You don’t have to be a hardcore hiker to enjoy these glorious Canadian trails

From majestic mountains 2000 metres above sea level in the Rocky Mountains to oceanfront city walks in beautiful St. John’s in Newfoundland, Canada offers easy hikes to suit every style. By Jim Byers.

Lion’s Head, Ontario

This is one of the best hikes in Canada, and one of the most surprising to visitors (and Ontario residents) alike.

A relatively easy one-hour hike on The Bruce Trail, from a parking area outside the small town of Lion’s Head, takes you to a lookout perched on a sheer cliff of rock 70 metres above the shoreline of Georgian Bay, part of Lake Huron.

The water in this part of The Great Lakes is a remarkable shade of green-blue that feels more like the Mediterranean than Canada.

Sunshine Meadows, Alberta

This hike, located at the 2200-metre level at Sunshine Meadows ski resort in Banff, has been rated the top hiking spot in all of Canada.

There are long, difficult sections if you choose, but you also can do short and hugely rewarding walks to glacier-fed ponds surrounded by ancient rock and ragged, jagged mountain tops.

You’ll likely pass dozens of adorable (and hungry) ground squirrels and tiny wildflowers that grow fuzzy bits to stay warm. A tour bus can help you get to the lodge and avoid a long, arduous walk up a steep hill to the starting point.

If you’re up for a spot of skiing after your hike, read our ultimate Banff ski guide here.

Squamish, British Columbia

The Sea to Sky Gondola in Squamish, part of the way up the road from Vancouver to Whistler, is a fun ride to the top of a mountain overlooking the waters of Howe Sound.

There are several easy trails you can take from the top of the gondola, with marked trails and stunning overlooks so you can enjoy both water and mountain views.

There’s also a suspension bridge you can walk across. Trust me; even folks who are afraid of heights can probably manage it.

Sleeping Giant Provincial Park, Thunder Bay, Ontario

This parks offers some of the best hiking in the most dramatic area of Ontario. There’s an easy walk from a parking lot to view Sea Lion Rock, an ancient rock formation on the shores of a quiet bay of Lake Superior, the largest freshwater lake on the planet.

You’ll pass a pretty, rocky beach and skirt past thick forests on a short walk to the lookout.

For a truly remarkable view, take your car over some bumpy bits to a small parking lot and walk out to the Thunder Bay Lookout; a platform that juts out over a steep cliff.

The Bear’s Hump, Alberta

This is a fantastic hike in Waterton Lakes National Park, a joint national park with Glacier National Park in Montana, USA.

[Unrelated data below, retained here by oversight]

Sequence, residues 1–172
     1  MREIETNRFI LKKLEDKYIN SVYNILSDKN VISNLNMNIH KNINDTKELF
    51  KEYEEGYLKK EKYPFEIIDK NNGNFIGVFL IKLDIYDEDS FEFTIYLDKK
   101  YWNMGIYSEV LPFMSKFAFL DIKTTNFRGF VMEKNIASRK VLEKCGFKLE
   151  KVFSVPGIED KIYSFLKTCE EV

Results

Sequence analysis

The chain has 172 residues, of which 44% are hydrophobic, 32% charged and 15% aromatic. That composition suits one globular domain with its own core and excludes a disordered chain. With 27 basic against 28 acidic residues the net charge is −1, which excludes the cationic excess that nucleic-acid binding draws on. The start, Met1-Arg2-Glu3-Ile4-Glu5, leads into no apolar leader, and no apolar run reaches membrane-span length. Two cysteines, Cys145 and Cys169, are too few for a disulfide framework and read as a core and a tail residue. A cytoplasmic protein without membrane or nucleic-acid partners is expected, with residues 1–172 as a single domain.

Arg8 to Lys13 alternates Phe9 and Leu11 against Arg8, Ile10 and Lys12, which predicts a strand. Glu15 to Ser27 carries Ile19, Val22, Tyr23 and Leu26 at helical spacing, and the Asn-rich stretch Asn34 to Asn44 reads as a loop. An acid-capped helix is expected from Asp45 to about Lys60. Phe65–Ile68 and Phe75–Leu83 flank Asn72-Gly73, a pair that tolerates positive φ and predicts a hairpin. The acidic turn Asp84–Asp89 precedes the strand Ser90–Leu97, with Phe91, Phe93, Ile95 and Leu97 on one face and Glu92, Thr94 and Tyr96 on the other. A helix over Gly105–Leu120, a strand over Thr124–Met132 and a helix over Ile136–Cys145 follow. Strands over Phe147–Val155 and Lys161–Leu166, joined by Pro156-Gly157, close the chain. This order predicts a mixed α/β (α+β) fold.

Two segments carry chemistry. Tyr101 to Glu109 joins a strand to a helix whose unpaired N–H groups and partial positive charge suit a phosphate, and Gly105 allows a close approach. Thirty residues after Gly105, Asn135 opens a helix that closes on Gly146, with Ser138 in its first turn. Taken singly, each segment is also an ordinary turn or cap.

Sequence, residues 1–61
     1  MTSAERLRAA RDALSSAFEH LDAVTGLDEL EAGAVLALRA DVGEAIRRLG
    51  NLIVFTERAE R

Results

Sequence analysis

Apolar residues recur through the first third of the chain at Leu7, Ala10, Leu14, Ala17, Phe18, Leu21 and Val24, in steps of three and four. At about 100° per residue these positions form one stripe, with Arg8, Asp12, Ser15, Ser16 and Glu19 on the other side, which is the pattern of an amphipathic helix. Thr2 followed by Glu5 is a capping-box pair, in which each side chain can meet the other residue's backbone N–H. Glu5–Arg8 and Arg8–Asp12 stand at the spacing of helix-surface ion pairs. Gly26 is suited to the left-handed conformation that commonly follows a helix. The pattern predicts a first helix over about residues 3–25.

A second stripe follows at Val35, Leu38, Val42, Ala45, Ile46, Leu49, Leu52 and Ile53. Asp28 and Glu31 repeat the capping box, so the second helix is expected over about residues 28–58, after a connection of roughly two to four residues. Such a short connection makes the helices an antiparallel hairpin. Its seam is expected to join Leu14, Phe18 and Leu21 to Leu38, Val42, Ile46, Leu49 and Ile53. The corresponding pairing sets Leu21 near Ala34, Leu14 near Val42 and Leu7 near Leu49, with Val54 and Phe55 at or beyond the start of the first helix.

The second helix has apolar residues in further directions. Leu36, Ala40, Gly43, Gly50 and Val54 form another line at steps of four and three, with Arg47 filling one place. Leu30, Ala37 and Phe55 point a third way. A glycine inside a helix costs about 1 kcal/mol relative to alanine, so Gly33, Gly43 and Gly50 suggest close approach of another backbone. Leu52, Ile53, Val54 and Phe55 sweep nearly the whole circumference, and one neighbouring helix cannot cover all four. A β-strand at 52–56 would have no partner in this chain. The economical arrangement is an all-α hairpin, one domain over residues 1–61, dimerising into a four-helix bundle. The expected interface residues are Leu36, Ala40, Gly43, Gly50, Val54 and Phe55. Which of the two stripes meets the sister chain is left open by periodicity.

It’s probably a half hour or so up a relatively steep hill but the views out over Waterton Lake and down to the Prince of Wales Hotel on a bluff far below are marvellous.

I saw six-year-old kids doing this trip, so it’s not bad.

Buffalo Pound Provincial Park, Saskatchewan

No trip to the prairies of Canada is complete without seeing majestic bison, or buffalo. Buffalo Pound Provincial Park is about 25 kilometres from Moose Jaw, Saskatchewan.

You’ll find a series of easy hikes on rolling, gentle terrain.

There’s a marsh with a barrier-free boardwalk, where you can perhaps spot great blue heron or red-tailed hawks soar.

The best part is a visit to see the captive herd of majestic, woolly bison.

St. John’s, Newfoundland

The walk from downtown St. John’s to Signal Hill is one of the great urban walks in the world.

The main path, which is well marked by thoughtful residents, takes you through an area called The Battery.

Brightly coloured homes in all colours of the rainbow line the steep walls of St. John’s Harbour here, clinging to bare rock as if their lives depended on it.

You’ll wind your way past tiny, artsy cottages and finally emerge at an open part of the harbour, where you can find a path to Signal Hill.

Central Montreal

If you’re a city person whose idea of a good hike is a walk around the Sydney Botanic Gardens, this is the walk for you.

Fortify yourself with a chewy sesame-seed bagel from either St. Viateur or Fairmount Bagels in the Plateau/Mile End district of Montreal, and hike up the road to the top of Mont Royal for magnificent views of the city and, on a clear day, all the way to Vermont in the US.

There are leafy forests and vast meadows to explore, and easy paths to downtown Montreal.

Whitehorse, Yukon

You can take a short drive from downtown Whitehorse for an easy walk along Miles Canyon. There are marked trails paralleling the Yukon River, which gushes through a narrow, 16-metre deep chasm of chunky brown rock.

You’ll pass through towering forests of evergreens along the way. The river was a key transportation point during the Klondike gold rush.


  • Cape Breton in Nova Scotia
  • The Laurentian Mountains in Quebec, just outside Quebec City
  • Pender Hill on the Sunshine Coast of British Columbia
  • Gros Morne National Park, Newfoundland

After more information on Canada? check out our list of 100 Things to do in Canada Before you Die